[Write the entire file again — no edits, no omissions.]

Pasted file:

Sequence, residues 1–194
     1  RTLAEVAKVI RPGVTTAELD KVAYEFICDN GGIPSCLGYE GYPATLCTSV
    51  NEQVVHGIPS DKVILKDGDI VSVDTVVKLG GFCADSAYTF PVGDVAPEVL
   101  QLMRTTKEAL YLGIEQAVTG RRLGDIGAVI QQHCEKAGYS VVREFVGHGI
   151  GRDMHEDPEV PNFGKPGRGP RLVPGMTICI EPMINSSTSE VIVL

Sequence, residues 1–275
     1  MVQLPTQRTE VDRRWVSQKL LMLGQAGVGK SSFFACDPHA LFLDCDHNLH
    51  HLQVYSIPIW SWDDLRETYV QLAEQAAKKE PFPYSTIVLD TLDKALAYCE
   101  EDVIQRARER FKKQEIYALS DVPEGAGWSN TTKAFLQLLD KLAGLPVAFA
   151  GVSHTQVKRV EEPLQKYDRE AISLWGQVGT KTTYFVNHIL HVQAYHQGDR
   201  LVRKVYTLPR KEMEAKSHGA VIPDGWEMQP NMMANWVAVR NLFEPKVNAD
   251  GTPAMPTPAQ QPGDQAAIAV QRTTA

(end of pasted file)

Sequence, residues 1–194
     1  RTLAEVAKVI RPGVTTAELD KVAYEFICDN GGIPSCLGYE GYPATLCTSV
    51  NEQVVHGIPS DKVILKDGDI VSVDTVVKLG GFCADSAYTF PVGDVAPEVL
   101  QLMRTTKEAL YLGIEQAVTG RRLGDIGAVI QQHCEKAGYS VVREFVGHGI
   151  GRDMHEDPEV PNFGKPGRGP RLVPGMTICI EPMINSSTSE VIVL

Sequence, residues 1–275
     1  MVQLPTQRTE VDRRWVSQKL LMLGQAGVGK SSFFACDPHA LFLDCDHNLH
    51  HLQVYSIPIW SWDDLRETYV QLAEQAAKKE PFPYSTIVLD TLDKALAYCE
   101  EDVIQRARER FKKQEIYALS DVPEGAGWSN TTKAFLQLLD KLAGLPVAFA
   151  GVSHTQVKRV EEPLQKYDRE AISLWGQVGT KTTYFVNHIL HVQAYHQGDR
   201  LVRKVYTLPR KEMEAKSHGA VIPDGWEMQP NMMANWVAVR NLFEPKVNAD
   251  GTPAMPTPAQ QPGDQAAIAV QRTTA